I would recommend, for anyone giving these dolls to a child, that you take the doll and gently maneuver all of the joints yourself for a little while.  Especially with the hands and elbows; work the joints back and forth several times until they move freely--then give the doll back to the child.  This will reduce the chances of frustration or breakage.

Andromeda is about 4.5 inches tall, so she's shorter (and much skinnier) than Nendoroid Rose:

Capsule Chix doll (left) and Nendoroid Doll (right).
I think Rose is miffed that Andromeda has copied her hair and face plate mechanic!

It's my special feature, Emily, not hers!
Andromeda is much smaller, and significantly out-of-scale with Barbie dolls like Lina:

Capsule Chix doll next to a Barbie.
And she's about twice as tall as a Calico Critter or Li'l Woozeez doll:

Capsule Chix doll next to a Calico Critter mom.
Andromeda is a nice, compact size.  She easily fits in one of my hands.  Several of these dolls and their accessories can fit inside a standard plastic zip bag.  She'd be a good doll for a child to take in the car or on a trip, too, although I'd worry about the hair falling off at inopportune times and getting lost.

One thing that I've glossed over until now is the waste that was generated from this toy.  There are the five plastic capsules, the plastic bags, and then the plastic vending mechanism that sits inside of the cardboard box:

That's a lot of plastic waste--and I didn't even photograph the pink plastic bags.  But honestly, the waste was easier to separate and recycle than it would be for a more mainstream plastic play doll box like, notably, the cumbersome Rainbow High boxes.  Those are such a huge pain to dismantle.

But it's a ton of waste for a 4.5 inch doll, no question.

For families who are only buying one or two of these dolls, I think it'd be fun to keep the boxes and continue to use them as vending machines!

Since I love vending machines so much, I used some Modge Podge and tissue paper to decorate one of my Capsule Chix boxes to cover up all of the Capsule Chix advertising:

That's a hasty job, but you could really glitz this type of project up with prettier paper and little decorations.  It'd be a fun art project for kids.  All of the glue and added items make the box feel heavier and more substantial, too, which is nice.  

You could fill the capsules with stickers and other treats and use this at birthday parties, or even as a reward system for kids at home.  It's a very clever box and I hate the idea of throwing it away!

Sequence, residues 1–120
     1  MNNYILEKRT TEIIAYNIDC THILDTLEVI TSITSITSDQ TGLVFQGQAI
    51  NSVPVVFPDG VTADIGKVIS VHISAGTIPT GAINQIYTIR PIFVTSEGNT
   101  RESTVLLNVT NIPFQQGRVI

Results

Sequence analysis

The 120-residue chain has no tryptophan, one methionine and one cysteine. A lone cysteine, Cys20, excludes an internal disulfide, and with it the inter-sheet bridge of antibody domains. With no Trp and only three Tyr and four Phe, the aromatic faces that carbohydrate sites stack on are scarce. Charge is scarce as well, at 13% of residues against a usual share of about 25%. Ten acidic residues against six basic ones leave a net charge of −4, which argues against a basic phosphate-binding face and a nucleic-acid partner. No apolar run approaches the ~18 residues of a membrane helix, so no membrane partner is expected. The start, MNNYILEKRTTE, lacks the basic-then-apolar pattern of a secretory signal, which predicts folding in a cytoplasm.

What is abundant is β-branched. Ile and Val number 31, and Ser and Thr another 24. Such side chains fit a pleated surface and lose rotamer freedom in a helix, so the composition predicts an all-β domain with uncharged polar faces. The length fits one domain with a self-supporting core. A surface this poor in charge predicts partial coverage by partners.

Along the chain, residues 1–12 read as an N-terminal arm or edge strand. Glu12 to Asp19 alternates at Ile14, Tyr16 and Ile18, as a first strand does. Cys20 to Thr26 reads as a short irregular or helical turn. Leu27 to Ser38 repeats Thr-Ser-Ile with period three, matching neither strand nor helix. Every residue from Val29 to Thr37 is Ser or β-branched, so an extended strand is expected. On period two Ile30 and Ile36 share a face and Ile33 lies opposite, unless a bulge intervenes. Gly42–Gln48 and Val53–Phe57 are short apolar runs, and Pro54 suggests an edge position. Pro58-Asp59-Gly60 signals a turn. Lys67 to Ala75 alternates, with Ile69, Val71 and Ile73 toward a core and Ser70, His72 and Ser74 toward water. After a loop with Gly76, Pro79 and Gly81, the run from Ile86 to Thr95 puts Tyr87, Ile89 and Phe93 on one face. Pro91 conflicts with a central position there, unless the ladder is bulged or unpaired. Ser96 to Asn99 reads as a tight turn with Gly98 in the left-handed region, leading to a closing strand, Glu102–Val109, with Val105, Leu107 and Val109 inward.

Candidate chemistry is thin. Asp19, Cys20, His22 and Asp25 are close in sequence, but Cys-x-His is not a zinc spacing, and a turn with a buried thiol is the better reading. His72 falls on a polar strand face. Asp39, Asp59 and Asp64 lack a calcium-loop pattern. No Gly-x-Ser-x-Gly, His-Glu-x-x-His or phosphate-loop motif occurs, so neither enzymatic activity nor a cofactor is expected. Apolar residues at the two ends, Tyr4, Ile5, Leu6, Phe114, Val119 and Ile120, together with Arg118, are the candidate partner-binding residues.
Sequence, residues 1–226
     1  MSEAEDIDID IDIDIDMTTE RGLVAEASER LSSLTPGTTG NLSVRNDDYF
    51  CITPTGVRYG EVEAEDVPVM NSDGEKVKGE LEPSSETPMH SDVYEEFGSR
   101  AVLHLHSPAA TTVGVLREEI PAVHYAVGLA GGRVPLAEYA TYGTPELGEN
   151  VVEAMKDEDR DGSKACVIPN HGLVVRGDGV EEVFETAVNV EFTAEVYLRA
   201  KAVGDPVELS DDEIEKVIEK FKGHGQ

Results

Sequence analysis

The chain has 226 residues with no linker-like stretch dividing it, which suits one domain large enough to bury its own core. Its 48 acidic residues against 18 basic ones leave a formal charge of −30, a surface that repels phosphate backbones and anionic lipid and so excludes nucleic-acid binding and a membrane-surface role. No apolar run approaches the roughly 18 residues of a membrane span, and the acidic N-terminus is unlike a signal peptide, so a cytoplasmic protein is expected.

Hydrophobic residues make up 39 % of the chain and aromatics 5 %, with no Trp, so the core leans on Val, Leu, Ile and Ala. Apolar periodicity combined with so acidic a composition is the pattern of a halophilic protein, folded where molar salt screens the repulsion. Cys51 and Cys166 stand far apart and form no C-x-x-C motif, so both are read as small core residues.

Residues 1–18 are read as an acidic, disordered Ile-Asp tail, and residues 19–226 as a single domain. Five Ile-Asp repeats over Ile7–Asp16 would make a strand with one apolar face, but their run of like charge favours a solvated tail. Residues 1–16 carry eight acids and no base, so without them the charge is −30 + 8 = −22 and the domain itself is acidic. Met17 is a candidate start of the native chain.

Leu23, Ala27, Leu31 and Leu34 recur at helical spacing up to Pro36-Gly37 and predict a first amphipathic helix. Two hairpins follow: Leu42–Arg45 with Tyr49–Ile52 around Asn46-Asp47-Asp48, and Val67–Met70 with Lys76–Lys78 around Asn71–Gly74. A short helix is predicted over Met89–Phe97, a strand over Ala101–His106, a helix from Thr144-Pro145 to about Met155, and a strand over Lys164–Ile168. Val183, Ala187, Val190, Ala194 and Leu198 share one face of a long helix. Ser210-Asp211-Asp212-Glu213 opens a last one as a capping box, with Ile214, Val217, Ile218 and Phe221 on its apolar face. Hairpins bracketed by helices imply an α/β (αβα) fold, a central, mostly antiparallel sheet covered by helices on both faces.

As an aside, the capsules are quite a bit larger than capsules for a standard vending machine, so it'd be hard to mix and match the two.  I was hoping I might get some new capsules for my machine with this toy, but they're way too big.  Here's a picture of one of the Capsule Chix capsules next to a standard capsule from my machine:

Standard vending machine capsule (left) and Capsule Chix packaging (right).
I was curious to see how successfully the different pieces from the RAM Rock collection would mix and match, so I purchased another set.

Again, fast-forwarding through all of the de-boxing, here are the items from that second set:

When you look at it like this, there's not a lot of stuff for $12.99.
When I do blind bag reviews like this one, I never know what I'm going to get (of course) and I also never edit the order in which I open things.  This surely impacts my overall impression of a brand, because--as we all know--some of these blind bag outcomes are better than others.   

This outcome was not as good as the first.

The biggest problem is that the upper torso on this doll has a black flocked shirt that really interferes with the articulation.  The flocking looks messy, too:

Moth-eaten sweater.
The flocking process presumably involves spraying adhesive and then spraying the flocking onto that adhesive.  Well, the adhesive got into the joints.  It was really, really hard to move this doll's shoulders and elbows.  And even after I got the joints to move, they don't move as much as Andromeda's arms.

And the joints look bad, too.
Other than that, the outfit is cute.  I like the little shorts and the metallic legs. I also like the plain hands and feet; they have a lot of detail!

This girl is also a vending machine.
The face in this set has large purple eyes and pursed lips.  I don't like the face as much as I like Andromeda's face:

The whistling lips are cute, though.
The wide eyes and pale pupils give this girl a bit of a blank expression.  I like the little star reflections in her eyes, though so I think I'll call her Starly.

Starly has flocked hair in a punk rock style that hangs over the left shoulder and causes more problems with the doll's movement.

That piece of hair in front keeps her from turning to the left.
The hair looks pretty good, though.  It's a funky style: